190 reputation
9
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location Pasadena, CA
age 22
visits member for 2 years, 5 months
seen Feb 9 at 0:06

Feb
5
accepted Multivariable functions of Grassmann numbers
Feb
5
asked Multivariable functions of Grassmann numbers
Jan
4
awarded  Popular Question
Jul
22
revised Is topology of universe observable?
Removed unnecessary statement of opinion.
Jul
22
suggested approved edit on Is topology of universe observable?
Jul
8
answered Sold-State Band Structure - connection between Fermi Energy, Fermi Level and Work Fuction
Jul
4
comment Kinetic energy in Lagrangian formalism
But that is not one of the assumptions.... if we assumed that $\frac{\partial r}{\partial t} = 0$ then the system would be stationary? Instead we assume that the $q_i$ (as functions of $r_i$) do not depend on time explicitly.
Jul
4
asked Partial derivatives in Lagrangian formalism
Jul
4
asked Kinetic energy in Lagrangian formalism
Jul
2
awarded  Curious
May
31
revised Electric field of a dipole
corrected for a factor of r
May
31
comment Electric field of a dipole
Thank you for a very complete and intuitive answer. One question, though: why is $\hat{\theta} \sim \hat{r}\times(\hat{r}\times\mathbf{d})$?
May
31
accepted Electric field of a dipole
May
30
comment Electric field of a dipole
@Tobias Right, I know that those are /supposed/ to be equal, but I'm trying to figure out how to show that they are.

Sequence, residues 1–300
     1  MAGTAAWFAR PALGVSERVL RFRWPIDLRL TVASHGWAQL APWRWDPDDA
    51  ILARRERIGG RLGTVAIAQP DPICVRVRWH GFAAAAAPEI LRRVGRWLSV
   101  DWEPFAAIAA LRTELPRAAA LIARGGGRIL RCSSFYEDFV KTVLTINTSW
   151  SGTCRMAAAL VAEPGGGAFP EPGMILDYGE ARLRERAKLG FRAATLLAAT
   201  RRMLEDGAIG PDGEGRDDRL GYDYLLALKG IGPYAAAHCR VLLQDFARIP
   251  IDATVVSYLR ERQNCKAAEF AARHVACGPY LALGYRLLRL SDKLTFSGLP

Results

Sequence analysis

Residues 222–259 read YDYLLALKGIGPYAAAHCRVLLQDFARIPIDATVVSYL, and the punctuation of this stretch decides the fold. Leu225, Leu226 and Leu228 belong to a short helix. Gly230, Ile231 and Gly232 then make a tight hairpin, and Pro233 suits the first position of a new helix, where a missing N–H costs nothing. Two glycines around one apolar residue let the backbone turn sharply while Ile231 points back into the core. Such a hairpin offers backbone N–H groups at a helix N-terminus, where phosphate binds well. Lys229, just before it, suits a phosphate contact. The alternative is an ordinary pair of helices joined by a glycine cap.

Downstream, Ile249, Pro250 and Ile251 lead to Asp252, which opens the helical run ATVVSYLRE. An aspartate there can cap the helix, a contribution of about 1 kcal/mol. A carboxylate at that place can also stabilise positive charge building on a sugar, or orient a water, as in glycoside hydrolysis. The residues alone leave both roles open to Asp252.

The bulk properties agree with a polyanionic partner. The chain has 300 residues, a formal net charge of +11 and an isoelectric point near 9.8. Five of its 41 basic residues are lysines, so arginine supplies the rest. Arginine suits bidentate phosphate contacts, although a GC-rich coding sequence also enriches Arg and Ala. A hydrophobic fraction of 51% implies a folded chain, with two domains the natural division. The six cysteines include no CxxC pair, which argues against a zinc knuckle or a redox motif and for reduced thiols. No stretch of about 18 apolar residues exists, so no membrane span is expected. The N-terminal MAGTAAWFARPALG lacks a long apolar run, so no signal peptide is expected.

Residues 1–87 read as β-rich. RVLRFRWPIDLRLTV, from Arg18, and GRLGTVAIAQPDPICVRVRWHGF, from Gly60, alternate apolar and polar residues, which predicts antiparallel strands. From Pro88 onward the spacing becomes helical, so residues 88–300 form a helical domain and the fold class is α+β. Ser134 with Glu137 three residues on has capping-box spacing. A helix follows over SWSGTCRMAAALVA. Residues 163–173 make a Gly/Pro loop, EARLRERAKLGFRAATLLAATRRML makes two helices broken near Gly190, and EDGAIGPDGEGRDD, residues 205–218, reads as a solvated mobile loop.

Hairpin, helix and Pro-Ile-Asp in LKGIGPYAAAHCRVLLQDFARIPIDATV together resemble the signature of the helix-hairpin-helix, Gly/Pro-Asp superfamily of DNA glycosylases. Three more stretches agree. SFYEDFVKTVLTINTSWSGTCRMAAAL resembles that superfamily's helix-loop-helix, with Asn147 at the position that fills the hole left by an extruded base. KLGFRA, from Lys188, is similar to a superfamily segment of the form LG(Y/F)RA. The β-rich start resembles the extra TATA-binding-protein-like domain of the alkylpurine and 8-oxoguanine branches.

May
29
asked Electric field of a dipole
Apr
23
comment Why do we need non-trivial fibrations?
^That would be much appreciated. The math S.E. answer seems a little hard to parse. Here is another very related question: two-qubit systems are often represented as the Hopf fibration $S^3\hookrightarrow S^7\rightarrow S^4$ (and analogously for three qubits) - are these representations unique? Reasoning as in my PS above I see that we need a base of $S^4$, that our full space is $S^7$, and that a trivial tensor product won't do - is the Hopf fibration a unique nontrivial fibration of $S^7$ with base $S^3$?
Apr
22
accepted Intuition behind Fourier transformed spaces
Apr
22
awarded  Commentator
Apr
22
comment Why do we need non-trivial fibrations?
You seem to assume that we want our space to locally look like $S^2\times S^1$ - why? Perhaps there is another way to 'twist and glue the spaces' to get $S^3$ from $S^2$? I agree that the fibration cannot be globally a trivial product, but why do we limit ourselves to Hopf?
Apr
22
asked Why do we need non-trivial fibrations?